A WSJ article (“An iPod Casualty: The Rio Digital-Music Player, 9/1/05” – subscribers only) recently eulogized one of the pioneers of the flash memory mp3 players, Rio, which has just closed down, and mourned for the rest of the pack:
Rio isn’t alone in feeling the sting of Apple’s momentum. In August, Creative Technology reported lower-than-expected sales and a wider loss for the quarter ended in June, and said it was forced to write down the value of unsold inventory. About two-thirds of the Singapore-based company’s revenue comes from its line of Zen music players. Days later, Reigncom Co., the South Korean maker of iRiver players, sharply cut its sales and profit outlook for the rest of the year.
Rio introduced the first portable music player in 1998, three years before Apple introduced their iPod. But alas, Rio created just the player–not the entire constellation of player, music software (iTunes came out 10 months prior to the iPod), online music store (two years later), and legal songs. And Apple’s network has kept growing, with the addition of iPhoto, of Podcasting, and as folks like Cringely are predicting, video by Christmas. According to the WSJ, Apple has 46% of the flash memory player marke and, according to Forbes, 80% of the MP3 player market in total (not to mention 75% of the online music sales).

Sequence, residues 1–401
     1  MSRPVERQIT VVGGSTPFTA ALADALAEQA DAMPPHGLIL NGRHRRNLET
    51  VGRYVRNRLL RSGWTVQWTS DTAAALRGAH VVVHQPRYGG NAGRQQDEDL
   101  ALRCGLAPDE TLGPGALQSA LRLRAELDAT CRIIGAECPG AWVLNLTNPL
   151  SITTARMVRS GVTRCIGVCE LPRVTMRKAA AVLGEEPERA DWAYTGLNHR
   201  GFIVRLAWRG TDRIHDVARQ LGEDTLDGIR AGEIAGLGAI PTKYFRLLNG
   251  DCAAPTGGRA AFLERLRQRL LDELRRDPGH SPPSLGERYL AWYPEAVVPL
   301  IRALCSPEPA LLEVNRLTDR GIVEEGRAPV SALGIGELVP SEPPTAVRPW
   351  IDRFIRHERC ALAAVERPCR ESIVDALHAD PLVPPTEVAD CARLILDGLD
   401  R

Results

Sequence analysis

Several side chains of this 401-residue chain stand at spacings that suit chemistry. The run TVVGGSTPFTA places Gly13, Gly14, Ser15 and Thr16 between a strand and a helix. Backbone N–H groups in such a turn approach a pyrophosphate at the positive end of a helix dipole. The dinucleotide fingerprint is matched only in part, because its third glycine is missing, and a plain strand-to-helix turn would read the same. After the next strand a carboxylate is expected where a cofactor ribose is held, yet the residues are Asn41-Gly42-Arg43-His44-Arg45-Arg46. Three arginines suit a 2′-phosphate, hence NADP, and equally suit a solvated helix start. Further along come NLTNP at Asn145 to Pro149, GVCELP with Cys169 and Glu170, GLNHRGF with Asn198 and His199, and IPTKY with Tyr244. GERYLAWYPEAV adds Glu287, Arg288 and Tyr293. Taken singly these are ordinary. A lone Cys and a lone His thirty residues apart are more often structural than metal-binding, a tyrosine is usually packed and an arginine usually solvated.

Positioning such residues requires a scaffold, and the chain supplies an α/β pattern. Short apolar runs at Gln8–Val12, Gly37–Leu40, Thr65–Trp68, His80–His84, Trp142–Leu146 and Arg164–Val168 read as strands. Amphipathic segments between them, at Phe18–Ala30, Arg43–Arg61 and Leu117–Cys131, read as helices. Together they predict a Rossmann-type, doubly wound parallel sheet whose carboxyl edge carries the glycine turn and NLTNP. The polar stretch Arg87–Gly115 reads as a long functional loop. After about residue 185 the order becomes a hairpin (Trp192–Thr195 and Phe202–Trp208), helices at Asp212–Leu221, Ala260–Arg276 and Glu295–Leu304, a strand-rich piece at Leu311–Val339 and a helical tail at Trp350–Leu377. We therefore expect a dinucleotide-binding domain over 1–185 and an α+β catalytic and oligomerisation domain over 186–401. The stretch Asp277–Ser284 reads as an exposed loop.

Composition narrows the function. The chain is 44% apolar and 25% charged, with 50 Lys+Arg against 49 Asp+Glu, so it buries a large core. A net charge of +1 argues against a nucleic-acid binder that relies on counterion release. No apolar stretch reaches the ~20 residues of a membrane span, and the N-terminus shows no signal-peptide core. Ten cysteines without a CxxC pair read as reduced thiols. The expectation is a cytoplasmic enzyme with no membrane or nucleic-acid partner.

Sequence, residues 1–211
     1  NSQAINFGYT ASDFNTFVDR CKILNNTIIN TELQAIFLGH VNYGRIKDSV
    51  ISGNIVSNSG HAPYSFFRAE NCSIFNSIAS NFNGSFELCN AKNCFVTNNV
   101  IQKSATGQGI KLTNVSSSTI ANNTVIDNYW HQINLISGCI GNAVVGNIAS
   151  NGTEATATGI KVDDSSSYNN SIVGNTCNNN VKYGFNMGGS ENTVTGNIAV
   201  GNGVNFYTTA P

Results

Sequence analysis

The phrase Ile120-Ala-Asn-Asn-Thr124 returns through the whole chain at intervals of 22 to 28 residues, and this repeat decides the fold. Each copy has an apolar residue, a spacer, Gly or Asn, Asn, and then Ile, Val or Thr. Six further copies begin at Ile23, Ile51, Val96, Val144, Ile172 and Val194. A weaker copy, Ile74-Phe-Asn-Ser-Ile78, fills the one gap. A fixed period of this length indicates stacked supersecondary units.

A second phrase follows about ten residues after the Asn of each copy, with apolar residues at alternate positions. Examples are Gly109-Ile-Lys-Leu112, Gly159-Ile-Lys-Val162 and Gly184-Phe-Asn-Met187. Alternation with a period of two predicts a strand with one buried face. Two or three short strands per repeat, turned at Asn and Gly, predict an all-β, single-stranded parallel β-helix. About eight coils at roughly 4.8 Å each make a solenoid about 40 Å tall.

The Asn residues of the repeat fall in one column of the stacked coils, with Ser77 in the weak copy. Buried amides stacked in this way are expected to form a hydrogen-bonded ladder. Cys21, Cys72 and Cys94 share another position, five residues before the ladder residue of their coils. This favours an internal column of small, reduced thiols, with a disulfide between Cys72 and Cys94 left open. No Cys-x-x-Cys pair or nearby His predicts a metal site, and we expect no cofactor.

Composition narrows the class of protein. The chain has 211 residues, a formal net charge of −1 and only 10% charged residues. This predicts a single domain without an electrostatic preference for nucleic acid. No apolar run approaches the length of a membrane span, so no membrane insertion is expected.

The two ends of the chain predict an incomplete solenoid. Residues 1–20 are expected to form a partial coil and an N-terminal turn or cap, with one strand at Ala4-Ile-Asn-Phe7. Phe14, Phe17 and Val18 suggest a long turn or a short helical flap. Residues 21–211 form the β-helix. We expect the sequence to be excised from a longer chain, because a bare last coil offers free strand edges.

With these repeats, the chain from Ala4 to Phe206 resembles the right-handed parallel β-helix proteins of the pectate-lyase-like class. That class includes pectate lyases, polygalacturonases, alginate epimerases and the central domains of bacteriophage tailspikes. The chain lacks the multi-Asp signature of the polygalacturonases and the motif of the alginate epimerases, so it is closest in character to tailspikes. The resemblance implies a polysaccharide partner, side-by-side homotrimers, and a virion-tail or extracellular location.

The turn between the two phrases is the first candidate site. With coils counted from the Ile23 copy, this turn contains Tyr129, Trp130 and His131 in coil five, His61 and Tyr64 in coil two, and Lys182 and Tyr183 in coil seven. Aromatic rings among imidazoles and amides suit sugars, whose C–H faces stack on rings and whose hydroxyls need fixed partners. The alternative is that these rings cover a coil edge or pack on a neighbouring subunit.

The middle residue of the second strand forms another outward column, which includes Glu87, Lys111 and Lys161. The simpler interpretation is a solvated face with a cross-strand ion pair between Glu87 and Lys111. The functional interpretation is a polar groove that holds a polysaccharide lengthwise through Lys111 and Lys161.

A century from now, as kids learn about the technological revolutions of the turn of this century, will anyone remember these products? or will they, like the first light bulbs, automobiles, penicillin, etc… get left out of the spotlight? A lot more valuable lessons for would be entrepreneurs and inventors come from these early and unsuccessful attempts than from just looking at the ones that make it. Like the importance of being in the right place at right time; like the value of elegant design (simplicity X functionality); and like the power of a network to overcome individual nodes.